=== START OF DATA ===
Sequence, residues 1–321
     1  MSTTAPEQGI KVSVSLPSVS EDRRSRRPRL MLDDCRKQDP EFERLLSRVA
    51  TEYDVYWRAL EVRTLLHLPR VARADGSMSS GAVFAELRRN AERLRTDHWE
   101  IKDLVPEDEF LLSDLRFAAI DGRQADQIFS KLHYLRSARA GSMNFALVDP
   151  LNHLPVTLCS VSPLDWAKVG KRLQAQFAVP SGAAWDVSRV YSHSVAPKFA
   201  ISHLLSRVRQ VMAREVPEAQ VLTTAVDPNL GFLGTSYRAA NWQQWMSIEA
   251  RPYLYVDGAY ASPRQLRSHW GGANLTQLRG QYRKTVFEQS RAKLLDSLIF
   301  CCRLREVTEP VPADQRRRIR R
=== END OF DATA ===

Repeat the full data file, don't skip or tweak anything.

Sequence, residues 1–321
     1  MSTTAPEQGI KVSVSLPSVS EDRRSRRPRL MLDDCRKQDP EFERLLSRVA
    51  TEYDVYWRAL EVRTLLHLPR VARADGSMSS GAVFAELRRN AERLRTDHWE
   101  IKDLVPEDEF LLSDLRFAAI DGRQADQIFS KLHYLRSARA GSMNFALVDP
   151  LNHLPVTLCS VSPLDWAKVG KRLQAQFAVP SGAAWDVSRV YSHSVAPKFA
   201  ISHLLSRVRQ VMAREVPEAQ VLTTAVDPNL GFLGTSYRAA NWQQWMSIEA
   251  RPYLYVDGAY ASPRQLRSHW GGANLTQLRG QYRKTVFEQS RAKLLDSLIF
   301  CCRLREVTEP VPADQRRRIR R